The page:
Ten Steps to Negotiating a Lowball Job Offer

What can you do if you receive a lowball job offer that you don’t want to accept?

The Internal Equity Negotiation

Consider using employers’ favorite argument to control the high end of salaries for new hires — internal equity.

The argument goes like this, “We know that you might be able to command a higher salary in the market. We would like to pay you more, but doing so would upset our internal equity. We would be paying you more than we pay your peers.”

In my experience, employers mean it when they say this to candidates. They do want to hire the person. They do want to offer a salary high enough to get a yes.

However, they don’t want to upset the person’s peers, and perhaps their entire salary structure, by offering the person more than they’re already paying their peers.

In fact, a 2016 recruiter survey (p.33) conducted by Kimberly Schneiderman for RiseSmart found that 44% of participants are reluctant to consider candidates who don’t fit their budget parameters.

Ten Steps

Thus, if you receive a lowball job offer that you won’t accept because of the money, consider this approach:

  1. Tell the negotiator that you are very excited about (a) the company, (b) the job they have offered, and (c) the people who would be your colleagues.
  2. Reiterate the benefits the company would experience by hiring you.
  3. Express your disappointment about the offer.
  4. Ask the negotiator about the salary range for the job. You want to assess your upside. Even if they don’t answer, they will be reminded of the  lowball nature of their offer.
  5. Ask the negotiator if their offer is in line with what the company pays the people who would be your peers. Again, a reminder of the lowball nature of their offer.
  6. If the negotiator won’t answer your question, note that and say, “I would like to do this job. I will say yes to an offer of [this amount].”
  7. If the negotiator answers your question, and the offer is equitable, then it’s unlikely they will make an offer that upsets their internal equity.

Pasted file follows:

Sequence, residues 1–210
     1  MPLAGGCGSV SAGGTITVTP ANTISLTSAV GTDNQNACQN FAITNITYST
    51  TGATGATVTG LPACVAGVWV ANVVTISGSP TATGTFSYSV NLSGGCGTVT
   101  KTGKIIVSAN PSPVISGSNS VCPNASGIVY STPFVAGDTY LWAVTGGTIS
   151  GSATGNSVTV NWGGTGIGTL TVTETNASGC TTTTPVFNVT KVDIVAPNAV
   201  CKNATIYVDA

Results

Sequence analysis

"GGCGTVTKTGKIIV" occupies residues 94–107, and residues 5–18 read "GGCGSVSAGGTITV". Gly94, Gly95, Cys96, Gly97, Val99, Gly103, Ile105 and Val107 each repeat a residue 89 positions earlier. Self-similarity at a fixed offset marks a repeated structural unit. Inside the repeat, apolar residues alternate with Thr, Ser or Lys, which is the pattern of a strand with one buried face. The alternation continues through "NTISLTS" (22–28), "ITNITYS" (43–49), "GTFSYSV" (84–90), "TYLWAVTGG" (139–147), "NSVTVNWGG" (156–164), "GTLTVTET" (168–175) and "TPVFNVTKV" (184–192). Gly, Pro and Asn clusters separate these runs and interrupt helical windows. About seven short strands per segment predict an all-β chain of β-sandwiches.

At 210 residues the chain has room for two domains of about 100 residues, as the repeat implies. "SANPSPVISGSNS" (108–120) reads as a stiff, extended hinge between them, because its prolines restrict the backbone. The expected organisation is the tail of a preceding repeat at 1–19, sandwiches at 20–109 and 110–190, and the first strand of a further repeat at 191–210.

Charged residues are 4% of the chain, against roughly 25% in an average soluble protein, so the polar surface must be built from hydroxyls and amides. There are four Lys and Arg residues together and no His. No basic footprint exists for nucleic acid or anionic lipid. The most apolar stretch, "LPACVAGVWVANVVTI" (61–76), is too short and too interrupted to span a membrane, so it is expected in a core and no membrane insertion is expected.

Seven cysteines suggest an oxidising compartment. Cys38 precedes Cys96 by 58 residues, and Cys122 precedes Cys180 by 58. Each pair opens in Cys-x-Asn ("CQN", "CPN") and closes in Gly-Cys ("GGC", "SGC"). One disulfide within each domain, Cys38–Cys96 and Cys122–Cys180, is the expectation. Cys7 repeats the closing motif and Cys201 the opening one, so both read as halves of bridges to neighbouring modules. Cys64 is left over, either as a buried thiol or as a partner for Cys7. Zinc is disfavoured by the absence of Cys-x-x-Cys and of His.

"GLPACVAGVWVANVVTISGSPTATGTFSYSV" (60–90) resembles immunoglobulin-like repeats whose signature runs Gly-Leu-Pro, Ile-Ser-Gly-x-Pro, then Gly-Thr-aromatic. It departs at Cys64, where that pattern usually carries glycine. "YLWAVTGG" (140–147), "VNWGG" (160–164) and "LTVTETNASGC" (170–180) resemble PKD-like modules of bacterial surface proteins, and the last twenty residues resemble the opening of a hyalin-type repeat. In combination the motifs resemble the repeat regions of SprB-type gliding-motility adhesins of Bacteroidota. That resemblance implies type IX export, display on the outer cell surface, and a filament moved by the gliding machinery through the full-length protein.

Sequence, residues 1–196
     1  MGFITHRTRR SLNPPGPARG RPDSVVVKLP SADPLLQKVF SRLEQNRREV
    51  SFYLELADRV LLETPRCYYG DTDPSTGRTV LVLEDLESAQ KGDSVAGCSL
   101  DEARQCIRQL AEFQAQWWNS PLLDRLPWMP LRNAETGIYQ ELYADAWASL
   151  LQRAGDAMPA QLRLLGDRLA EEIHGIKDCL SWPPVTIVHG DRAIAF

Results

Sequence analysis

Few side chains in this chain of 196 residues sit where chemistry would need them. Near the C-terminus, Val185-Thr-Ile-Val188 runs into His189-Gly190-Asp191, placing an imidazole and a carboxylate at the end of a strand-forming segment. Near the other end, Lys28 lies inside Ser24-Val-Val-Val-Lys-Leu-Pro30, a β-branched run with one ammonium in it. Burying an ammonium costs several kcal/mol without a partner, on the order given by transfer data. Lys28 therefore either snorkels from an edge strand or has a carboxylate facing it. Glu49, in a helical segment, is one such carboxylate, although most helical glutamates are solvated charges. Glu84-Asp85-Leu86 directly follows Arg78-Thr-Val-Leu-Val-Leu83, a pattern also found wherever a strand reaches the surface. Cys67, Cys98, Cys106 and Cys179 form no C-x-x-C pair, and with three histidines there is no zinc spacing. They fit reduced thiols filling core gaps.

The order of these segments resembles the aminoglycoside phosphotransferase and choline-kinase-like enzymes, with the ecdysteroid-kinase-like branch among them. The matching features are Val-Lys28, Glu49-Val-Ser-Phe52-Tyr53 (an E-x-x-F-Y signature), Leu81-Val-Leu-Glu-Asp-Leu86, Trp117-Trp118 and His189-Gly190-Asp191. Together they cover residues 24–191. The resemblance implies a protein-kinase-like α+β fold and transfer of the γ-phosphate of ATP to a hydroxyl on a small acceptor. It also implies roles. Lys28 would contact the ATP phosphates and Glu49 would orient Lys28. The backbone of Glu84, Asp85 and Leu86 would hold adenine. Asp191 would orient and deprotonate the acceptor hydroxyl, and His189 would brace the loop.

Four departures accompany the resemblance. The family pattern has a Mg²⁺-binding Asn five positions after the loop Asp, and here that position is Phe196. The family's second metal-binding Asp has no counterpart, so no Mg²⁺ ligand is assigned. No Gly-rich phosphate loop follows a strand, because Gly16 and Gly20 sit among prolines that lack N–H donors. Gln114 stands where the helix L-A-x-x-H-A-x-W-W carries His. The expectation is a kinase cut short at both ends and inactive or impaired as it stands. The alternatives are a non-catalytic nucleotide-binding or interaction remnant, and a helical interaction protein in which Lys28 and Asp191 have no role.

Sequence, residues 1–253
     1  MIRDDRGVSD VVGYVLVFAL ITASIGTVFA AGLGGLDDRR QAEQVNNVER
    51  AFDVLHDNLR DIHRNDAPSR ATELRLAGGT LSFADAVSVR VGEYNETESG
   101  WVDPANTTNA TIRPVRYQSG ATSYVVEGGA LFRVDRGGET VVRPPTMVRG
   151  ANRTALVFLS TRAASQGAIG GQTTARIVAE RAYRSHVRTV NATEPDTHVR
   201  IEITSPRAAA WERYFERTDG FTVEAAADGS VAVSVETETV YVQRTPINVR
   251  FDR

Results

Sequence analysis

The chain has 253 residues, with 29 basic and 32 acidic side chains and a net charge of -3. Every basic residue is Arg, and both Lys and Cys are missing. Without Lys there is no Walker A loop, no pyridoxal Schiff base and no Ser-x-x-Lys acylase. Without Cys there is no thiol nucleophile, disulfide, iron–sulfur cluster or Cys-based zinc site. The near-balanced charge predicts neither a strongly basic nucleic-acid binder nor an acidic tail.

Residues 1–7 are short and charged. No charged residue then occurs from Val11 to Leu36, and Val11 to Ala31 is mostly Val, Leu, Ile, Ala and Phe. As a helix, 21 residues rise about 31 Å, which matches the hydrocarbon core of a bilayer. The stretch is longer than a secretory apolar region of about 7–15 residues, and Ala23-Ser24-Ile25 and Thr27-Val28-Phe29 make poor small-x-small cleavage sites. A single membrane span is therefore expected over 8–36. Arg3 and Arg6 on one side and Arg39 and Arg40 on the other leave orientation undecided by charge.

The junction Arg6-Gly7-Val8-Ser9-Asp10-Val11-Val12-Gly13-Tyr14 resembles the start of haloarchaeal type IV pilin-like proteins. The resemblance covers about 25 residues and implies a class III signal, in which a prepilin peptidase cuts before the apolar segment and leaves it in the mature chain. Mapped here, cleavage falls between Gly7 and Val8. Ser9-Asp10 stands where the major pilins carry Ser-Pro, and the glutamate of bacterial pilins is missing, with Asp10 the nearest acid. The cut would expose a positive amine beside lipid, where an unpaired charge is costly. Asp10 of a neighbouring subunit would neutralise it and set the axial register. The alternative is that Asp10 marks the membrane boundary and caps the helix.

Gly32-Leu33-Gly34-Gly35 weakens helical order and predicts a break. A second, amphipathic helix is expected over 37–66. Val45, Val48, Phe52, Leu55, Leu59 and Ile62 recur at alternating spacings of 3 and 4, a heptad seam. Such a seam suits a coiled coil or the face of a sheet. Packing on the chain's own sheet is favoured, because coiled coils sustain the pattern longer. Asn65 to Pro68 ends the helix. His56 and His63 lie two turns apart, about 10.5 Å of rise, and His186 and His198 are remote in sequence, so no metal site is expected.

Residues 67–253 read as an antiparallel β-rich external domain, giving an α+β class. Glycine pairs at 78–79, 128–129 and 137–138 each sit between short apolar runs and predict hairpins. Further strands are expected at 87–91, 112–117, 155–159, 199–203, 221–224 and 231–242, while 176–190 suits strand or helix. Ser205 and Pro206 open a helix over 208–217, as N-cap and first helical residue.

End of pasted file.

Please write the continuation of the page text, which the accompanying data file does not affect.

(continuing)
8. If it’s not equitable, ask, “Do you really want to pay me less than you’re paying my peers?”
  9. Summarize what you have heard. Then say, “Internal equity is important to me. I want this job. I will say yes to an offer that is line with what you pay my peers.”
  10. Remember, nothing ventured, nothing gained. If the money is the only thing holding you back from saying yes, then make a counter offer.

How to Play Hardball

If you are an AWESOME candidate (close to a 10/10 here), then read two superb posts on how to play hardball here and here.

I write executive resumes and LinkedIn profiles. Save time. Get hired. Email me at donnasvei@gmail.com for more information.

Image: Fotolia/Argus

Updated October 2016

Comments 8

  1. Donna, I might take a slightly different shorter approach. Just thank them for their time, wish them good luck, and ask them for other positions we might be able to explore together. After all, if it is truly a lowball offer, then why waste time negotiating over 10’s of 1,000’s of dollars?

    Aidan, If you would take the job for a higher number, I’d give it a go. Many offers do turn out to be negotiable. Donna

  2. Donna, I don’t know how I missed this one. I love the whole thing: great insights re: addressing suboptimal offers but also very practical steps a candidate can follow–as usual. I particularly liked the suggestions to summarize with “I heard…”. So important in avoiding miscommunications!

    Another great one, Donna!

    Thank you Ed. Hope you’re finding a way to stay cool. Donna

  3. Donna,
    I like the train of thought, and would add two comments:
    I think the candidate’s value in the marketplace could be even a stronger arguement than what the company pays his/her peers: “Based on what I am seeing for similar positions, I think you may be undermarket for a person with my skills and experience. I’ve seen other positions that are $xx thousand higher.”
    Also, I think the TONE of the negotiation is as important as the content. The candidate has to be careful to emphasize the value to the employer of paying what he/she is asking, not just the value to the employee: “Wouldn’t it be to your advantage to achieve internal parity between peers; wouldn’t you want to know that if a recruiter calls me in a year, I won’t take the call – because I have no issue with my compensation?”

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